X

Cookies

Continue We want you to get the most out of using this website, which is why we and our partners use cookies. By continuing to use this site, you are agreeing to receive these cookies. You can find out more about how we use cookies here.

Tuesday, 02 September 2014

Subscriptions  |  evouchers  |  Jobs  |  Property  |  Motors  |  Travel  |  Dating  |  Family Notices

Maryport woman opens shop on her home estate

A 21-year-old woman has reopened a shop in the heart of Hillside, one of Maryport’s most deprived estates.

shopgirlfront0211
NEW KID ON THE BLOCK: Stephanie Easterbrook, 21, has taken over the lease of the store and off-licence on Maryport’s Hillside estate with her mother Anita

Stephanie Easterbrook, who was born on Hillside and has lived there all her life, opened the shop on Monday.

She said that while the shop was closed Hillside residents had to go off the estate to do their shopping.

She said: “For those without transport and for the elderly it can be really difficult because Hillside is very hilly.

“Now if someone runs out of bread or milk they have this shop on their doorstep.”

The building, owned by Derwent & Solway, had been closed for over a year.

Stephanie and her mother Anita have taken over the lease and spent the past few months redecorating the shop, which includes an off-licence.

She said managing it was almost inevitable.

She said: “When it opened my godfather Stuart McDougall had it. Then it was run by his mother, my aunt Margaret, and now my mother and me.”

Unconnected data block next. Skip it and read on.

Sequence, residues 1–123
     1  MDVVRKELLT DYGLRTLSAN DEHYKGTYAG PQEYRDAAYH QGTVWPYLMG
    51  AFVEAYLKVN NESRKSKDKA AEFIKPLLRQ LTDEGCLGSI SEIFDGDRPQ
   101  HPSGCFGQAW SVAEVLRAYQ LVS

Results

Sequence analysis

Stephanie’s mother, who is an assistant manager at Heron Foods in Senhouse Street, holds the lease and will help out when she is not at work herself.

She opened on Monday and said she was keen to hear what people on the estate needed. She will be selling the Times & Star from today.

Stephanie, who was born with a serious heart problem, said the shop would not be as physically demanding and tiring as her last job as a carer, despite the fact it will be open seven days a week, from 8am to 8.30pm on weekdays.

She said: “When I was born it was discovered that my main arteries were the wrong way around.

“I had emergency surgery and then a major operation at the Freeman Hospital in Newcastle.

“By sheer coincidence there were six other babies suffering the same thing at the same time. They still call us the Freeman’s Magnificent Seven.”

Have your say

Be the first to comment on this article!

Make your comment

Your name

Your Email

Your Town/City

Your comment


SHARE THIS ARTICLE

Hot jobs
Search for:

Vote

Should Cockermouth traders be given compensation over the town's ongoing roadworks?

yes

no

Show Result